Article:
Clients conflict with advisors

It defies every stereotype about overly cautious Canadians, with clients increasingly pushing their advisors into a very uncomfortable and possibly dangerous situation.

Clients conflict with advisors
A real rift exists between the client and the advisor when it comes to prognosticating future market returns.

“We are concerned as portfolio managers but are clients aren’t pushing us to be careful,” says Hilliard Macbeth, a veteran advisor with Richardson GMP in Edmonton. “We are being concerned on their behalf and that actually creates some tension because we are always looking for the pathway to balance between risk and reward and fixed income and equities and what the client can handle in terms of their psyche.”

Research bears out the concern.

Schroders Investment Management recently surveyed 20,000 retail investors in 28 countries across the globe. The most surprising finding was that retail investors on average expect to see their investments grow by 12 per cent over the next 12 months.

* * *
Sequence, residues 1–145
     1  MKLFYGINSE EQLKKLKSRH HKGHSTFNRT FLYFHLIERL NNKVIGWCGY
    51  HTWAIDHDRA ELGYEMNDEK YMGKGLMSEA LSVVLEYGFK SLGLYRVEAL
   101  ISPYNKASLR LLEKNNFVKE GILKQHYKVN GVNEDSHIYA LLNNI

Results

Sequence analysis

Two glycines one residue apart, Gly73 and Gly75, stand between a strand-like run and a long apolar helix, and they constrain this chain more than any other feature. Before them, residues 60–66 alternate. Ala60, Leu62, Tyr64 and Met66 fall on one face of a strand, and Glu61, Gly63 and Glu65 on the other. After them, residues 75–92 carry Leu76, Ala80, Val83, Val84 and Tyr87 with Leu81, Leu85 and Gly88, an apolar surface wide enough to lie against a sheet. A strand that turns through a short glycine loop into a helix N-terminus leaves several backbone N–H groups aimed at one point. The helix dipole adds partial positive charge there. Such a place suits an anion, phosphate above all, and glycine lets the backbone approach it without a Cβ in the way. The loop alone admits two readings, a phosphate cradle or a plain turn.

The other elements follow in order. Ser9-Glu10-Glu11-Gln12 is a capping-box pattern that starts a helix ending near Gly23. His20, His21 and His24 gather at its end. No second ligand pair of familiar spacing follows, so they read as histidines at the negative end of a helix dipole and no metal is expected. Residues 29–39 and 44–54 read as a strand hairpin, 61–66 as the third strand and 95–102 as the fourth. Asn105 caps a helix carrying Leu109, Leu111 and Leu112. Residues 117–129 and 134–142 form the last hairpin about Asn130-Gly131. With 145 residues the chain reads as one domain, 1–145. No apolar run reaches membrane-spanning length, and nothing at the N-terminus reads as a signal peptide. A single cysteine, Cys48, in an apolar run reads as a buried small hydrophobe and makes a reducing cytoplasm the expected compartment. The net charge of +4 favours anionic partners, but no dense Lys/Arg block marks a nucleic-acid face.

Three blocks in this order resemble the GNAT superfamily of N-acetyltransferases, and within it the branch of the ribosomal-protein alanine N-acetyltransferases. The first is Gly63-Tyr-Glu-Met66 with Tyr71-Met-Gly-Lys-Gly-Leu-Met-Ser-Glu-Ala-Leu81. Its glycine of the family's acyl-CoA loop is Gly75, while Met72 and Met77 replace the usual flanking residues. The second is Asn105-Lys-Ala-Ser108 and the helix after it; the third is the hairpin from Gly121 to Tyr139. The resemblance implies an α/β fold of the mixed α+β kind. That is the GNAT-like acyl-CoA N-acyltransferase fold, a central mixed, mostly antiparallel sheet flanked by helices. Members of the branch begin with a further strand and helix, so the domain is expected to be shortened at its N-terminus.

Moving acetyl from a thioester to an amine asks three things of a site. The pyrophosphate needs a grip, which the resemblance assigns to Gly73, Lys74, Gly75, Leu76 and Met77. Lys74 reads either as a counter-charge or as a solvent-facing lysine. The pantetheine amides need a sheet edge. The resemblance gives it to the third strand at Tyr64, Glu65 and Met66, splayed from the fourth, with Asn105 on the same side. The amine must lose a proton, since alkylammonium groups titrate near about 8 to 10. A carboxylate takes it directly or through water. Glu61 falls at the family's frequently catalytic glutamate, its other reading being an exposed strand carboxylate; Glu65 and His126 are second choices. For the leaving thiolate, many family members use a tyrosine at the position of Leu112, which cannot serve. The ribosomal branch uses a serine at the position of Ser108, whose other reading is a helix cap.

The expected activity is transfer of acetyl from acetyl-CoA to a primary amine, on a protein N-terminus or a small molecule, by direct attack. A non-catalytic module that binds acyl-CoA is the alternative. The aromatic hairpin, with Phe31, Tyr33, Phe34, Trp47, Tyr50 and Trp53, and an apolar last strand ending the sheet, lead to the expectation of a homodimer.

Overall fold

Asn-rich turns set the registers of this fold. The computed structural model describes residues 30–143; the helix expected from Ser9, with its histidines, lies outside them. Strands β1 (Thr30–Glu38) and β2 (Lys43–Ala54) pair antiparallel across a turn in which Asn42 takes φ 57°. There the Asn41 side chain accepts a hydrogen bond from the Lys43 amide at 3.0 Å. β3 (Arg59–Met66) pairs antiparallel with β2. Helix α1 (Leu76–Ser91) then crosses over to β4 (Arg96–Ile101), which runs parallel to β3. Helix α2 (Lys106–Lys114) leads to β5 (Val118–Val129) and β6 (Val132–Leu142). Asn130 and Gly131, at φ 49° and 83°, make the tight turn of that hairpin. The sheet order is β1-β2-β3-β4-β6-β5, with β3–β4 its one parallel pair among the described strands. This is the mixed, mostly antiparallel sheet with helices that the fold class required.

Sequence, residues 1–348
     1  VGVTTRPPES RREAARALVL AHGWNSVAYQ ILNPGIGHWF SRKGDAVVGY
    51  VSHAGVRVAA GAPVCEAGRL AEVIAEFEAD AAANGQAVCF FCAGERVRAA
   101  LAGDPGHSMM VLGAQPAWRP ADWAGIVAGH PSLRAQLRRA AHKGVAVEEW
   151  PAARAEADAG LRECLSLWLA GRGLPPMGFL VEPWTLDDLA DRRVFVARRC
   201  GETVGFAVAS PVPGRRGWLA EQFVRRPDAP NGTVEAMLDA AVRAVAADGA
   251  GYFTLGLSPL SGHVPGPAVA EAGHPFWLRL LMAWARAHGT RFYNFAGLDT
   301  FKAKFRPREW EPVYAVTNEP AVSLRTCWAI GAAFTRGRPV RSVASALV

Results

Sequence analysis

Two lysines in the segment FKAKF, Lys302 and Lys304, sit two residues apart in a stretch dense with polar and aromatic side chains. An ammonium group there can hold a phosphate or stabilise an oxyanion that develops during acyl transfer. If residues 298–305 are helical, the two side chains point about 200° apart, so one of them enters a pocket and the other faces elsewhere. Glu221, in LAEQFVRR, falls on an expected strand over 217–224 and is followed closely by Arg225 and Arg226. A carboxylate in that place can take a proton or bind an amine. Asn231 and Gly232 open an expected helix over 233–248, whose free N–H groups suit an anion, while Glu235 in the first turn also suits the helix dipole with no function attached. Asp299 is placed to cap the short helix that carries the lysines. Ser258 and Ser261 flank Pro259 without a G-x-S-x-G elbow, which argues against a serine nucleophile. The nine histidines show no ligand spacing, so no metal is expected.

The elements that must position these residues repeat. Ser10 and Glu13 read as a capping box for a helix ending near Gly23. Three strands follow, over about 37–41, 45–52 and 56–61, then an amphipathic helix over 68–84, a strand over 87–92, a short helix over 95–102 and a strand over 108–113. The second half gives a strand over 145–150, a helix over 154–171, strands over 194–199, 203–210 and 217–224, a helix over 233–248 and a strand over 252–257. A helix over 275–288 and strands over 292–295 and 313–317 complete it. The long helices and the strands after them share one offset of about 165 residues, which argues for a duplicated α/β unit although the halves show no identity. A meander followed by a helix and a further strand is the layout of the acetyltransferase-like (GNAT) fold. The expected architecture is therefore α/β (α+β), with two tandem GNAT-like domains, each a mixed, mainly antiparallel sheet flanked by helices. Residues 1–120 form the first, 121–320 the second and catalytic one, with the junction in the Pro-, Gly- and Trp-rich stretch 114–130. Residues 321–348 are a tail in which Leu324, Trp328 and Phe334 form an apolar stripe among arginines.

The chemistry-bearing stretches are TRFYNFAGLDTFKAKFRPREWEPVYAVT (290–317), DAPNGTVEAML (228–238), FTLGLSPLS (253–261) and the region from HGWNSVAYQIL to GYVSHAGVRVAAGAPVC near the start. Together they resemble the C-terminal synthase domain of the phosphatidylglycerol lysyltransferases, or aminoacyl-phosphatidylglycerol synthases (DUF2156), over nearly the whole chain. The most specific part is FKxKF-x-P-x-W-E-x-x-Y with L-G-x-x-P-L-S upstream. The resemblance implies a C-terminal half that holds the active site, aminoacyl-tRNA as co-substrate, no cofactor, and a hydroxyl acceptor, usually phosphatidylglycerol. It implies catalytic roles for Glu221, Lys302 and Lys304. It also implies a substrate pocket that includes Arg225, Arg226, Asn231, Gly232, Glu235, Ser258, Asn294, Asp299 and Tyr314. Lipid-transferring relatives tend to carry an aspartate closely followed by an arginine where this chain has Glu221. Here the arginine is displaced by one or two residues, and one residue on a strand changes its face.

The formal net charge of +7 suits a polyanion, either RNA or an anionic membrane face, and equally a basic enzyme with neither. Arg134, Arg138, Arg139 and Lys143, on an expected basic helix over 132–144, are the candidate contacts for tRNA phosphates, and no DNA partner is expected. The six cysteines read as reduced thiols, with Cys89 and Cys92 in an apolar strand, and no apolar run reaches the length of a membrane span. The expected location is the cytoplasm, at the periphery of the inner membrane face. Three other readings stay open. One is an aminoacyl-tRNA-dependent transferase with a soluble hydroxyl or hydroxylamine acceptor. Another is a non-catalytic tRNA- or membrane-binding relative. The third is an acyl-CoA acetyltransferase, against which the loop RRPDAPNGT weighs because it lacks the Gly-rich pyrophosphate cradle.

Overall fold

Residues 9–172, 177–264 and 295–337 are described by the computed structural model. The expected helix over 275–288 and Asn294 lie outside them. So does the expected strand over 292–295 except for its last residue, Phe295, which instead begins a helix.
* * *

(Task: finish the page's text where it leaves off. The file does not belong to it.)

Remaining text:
“Our general response we’re getting from clients overall is that they are not focusing on risk right now,” said Macbeth. “If you go back six years, 2009 was the bottom and they were concerned about risk; today most of that concern [about risk] is gone.”

State Street Global Advisors just yesterday suggested that 57 per cent of institutional investors expect a 10-20 per cent correction in the near future. Despite this view, the pros continue to buy equities primarily because of the lack of alternatives when it comes to generating yield.

So, who’s right? Who has a crystal ball?

Still, advisors used to managing millions in investable assets are experiencing some unease as a result of the unbridled optimism of retail investors.

Especially problematic is the finding by Schroders that 87 per cent of those surveyed are looking to generate an income from their investments.

“People are more concerned about getting their cash to work,” says Macbeth. “They are not really concerned about the risk to the capital but more about the income.”